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"If a thing is worth doing, it is worth doing badly."

- G.K. Chesterton

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When I first stumbled across Chesterton's quote I read it as a parody of the adage "Anything worth doing is worth doing well," a motto I had always embraced.

At the age of 45, my intense need to overachieve had left me in a state of burnout. I was a cranky, depressed insomniac. Yet I refused to take time off work, drop mileage from my triathlon training, or say "no" to any opportunity to prove my capabilities. If I sound like an annoying, goal-oriented, self-obsessed individual, I probably was.

I grew up in a household where average could always be improved upon – a B could have been an A; second place was not first.

A little research into Chesterton's beliefs confirmed my initial reaction. Chesterton praised the merit of the amateur; he defended mediocrity.

The notion of imperfection intrigued me. Could satisfaction be gained from incompetency, or even failure?

Not long after, my father was diagnosed with Alzheimer's. When I researched the disease, I was alarmed by two risk factors – it may be genetic and a history of concussion may influence its development. Both my grandmother and my aunt got Alzheimer's. A few years ago, a cycling accident catapulted me through the air and face first into the roadway. I was left with shattered teeth, a broken jaw – and concussion. It was as if my brain's glossy operating system had crashed and all that remained was a dark screen with a blinking green cursor. It took a year to reboot.

One day, I came across a study that said playing an instrument might reduce the risk of Alzheimer's. It was worth a try.

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"I'd like to learn to play the violin," I told my husband over breakfast.

His coffee sputtered across the table, followed by a fit of snorts and laughter (a response I've learned is the universal reaction to such a statement made by a 45-year-old with no prior musical experience). I didn't know I could be so funny.

"You can't be serious?"

I thought of Chesterton's words and lifted my chin: "Absolutely. Look, you can buy a violin on Amazon for $100."

My savvy shopping idea was rewarded with more shrieks and guffaws, followed by a lecture on the decline of quality through mass production.

I shrugged.

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"Will you take lessons?"

"No, I thought I'd just wing it." I'm ashamed to say I was serious on this point.

A week later, my violin arrived. I'd prepared myself for the inevitable screech and impending violation of my eardrums, but when I picked up the instrument and swept the bow across the strings, I was shocked. Silence. I tried again. In a frenzy of frustration I pulled the bow faster and harder against the strings. Still silence. Apparently, even playing poorly requires skill.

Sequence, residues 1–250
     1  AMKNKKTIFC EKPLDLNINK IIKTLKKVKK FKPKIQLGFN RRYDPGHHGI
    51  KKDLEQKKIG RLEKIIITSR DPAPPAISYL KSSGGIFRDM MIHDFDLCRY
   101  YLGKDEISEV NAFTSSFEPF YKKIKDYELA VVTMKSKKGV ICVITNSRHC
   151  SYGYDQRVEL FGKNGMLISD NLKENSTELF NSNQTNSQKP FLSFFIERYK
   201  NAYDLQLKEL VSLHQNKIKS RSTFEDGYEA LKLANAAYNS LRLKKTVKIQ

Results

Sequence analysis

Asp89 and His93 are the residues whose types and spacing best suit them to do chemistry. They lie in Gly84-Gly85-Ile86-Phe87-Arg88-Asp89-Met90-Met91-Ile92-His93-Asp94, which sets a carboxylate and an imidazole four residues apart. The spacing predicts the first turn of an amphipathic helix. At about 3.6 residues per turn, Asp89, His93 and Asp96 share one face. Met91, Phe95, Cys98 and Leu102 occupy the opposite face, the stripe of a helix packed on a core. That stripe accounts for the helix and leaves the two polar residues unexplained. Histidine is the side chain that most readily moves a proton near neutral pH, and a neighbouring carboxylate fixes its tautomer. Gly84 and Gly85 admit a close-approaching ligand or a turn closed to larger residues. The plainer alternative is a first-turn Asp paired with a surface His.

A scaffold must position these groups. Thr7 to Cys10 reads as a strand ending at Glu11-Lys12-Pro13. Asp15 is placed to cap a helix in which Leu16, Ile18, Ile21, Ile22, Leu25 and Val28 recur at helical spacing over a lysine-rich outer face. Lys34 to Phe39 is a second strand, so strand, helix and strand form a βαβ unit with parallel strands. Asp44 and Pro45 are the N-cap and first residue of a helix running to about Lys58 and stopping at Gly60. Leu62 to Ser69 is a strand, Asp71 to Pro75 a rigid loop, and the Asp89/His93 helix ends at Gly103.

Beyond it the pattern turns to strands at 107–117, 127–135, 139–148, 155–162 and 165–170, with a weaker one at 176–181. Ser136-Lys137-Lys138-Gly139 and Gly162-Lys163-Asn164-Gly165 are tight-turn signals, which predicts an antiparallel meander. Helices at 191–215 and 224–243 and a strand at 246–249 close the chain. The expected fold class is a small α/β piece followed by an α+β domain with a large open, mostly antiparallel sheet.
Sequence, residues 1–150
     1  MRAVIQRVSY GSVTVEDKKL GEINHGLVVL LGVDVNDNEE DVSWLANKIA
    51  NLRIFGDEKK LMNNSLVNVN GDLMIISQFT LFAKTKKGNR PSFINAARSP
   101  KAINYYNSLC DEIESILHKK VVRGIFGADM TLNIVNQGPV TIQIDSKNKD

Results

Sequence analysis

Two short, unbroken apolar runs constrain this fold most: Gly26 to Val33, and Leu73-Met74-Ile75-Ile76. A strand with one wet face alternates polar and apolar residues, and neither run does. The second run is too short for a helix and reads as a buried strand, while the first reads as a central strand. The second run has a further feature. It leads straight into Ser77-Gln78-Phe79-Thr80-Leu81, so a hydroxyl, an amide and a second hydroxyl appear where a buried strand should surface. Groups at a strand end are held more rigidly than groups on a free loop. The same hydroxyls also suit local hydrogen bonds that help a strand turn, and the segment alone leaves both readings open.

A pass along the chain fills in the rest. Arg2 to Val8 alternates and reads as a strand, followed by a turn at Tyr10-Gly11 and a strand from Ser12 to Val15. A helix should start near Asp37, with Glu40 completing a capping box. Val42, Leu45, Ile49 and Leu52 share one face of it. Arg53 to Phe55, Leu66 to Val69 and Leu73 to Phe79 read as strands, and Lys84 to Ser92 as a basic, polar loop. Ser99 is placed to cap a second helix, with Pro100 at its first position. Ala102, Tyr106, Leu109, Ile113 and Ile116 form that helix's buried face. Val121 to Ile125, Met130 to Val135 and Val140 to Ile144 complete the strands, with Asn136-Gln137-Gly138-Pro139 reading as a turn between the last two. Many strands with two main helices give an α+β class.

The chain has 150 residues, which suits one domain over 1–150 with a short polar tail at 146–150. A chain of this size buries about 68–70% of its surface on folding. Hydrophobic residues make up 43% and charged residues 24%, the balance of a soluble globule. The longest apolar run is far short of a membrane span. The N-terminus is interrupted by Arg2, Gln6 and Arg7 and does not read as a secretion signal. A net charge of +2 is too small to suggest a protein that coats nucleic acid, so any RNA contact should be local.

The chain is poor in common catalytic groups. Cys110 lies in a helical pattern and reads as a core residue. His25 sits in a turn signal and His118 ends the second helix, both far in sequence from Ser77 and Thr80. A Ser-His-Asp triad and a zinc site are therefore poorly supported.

I signed up for lessons. Surrounded by five- and six-year-olds, I waited in the music studio's reception room. Beside me sat a pint-size blond girl with pigtails and pink sneakers. I couldn't help but size her up: Yeah, you may think you're cute stuff but I'll whip you at Twinkle Twinkle Little Star. What can I say? Old habits die hard.

"Kim?"

I jumped to my feet and a tiny woman with a huge smile and sparkling eyes greeted me.

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"So you want to play the violin?" she said.

I heard a treble of a giggle from behind – Pink Sneakers, no doubt.

"Yes."

My instructor may be petite, but her enthusiasm is enormous and her patience exemplary. Since starting my lessons, I've discovered how to make a flawless screech in perfect fifths. She never cringes. And when she accompanied me for the first time, I felt an extraordinary thrill. I realized that harmonizing could be even more exciting than playing solo.

I recently went to visit my parents. My father grows more confused with every day and is tormented by hallucinations.

When I brought out my violin to play, my mother joined me at her piano. I'm more thumbs than fingers, but my mother (bless her) tried to keep time with my beat. After a few songs, my father stood and shuffled to the closet. Mom and I paused, shocked when he returned with his harmonica. He hadn't played in years. As we continued, my father brought the instrument to his lips and blew.

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The melody we played was erratic at best, but when we finished our excitement brimmed forth as if we'd performed with the Royal Philharmonic. We'd reversed time. For a moment, my mother had her husband back and I was their little girl.

Maybe my father's frustration with his daily challenges has left him more tolerant, because for once he didn't criticize my effort. Instead he looked at me and said, "You're doing a fine job, Kim." I couldn't remember the last time he got my name right.

Sometimes a thing is just worth doing.

Kim Mead lives in North Vancouver.

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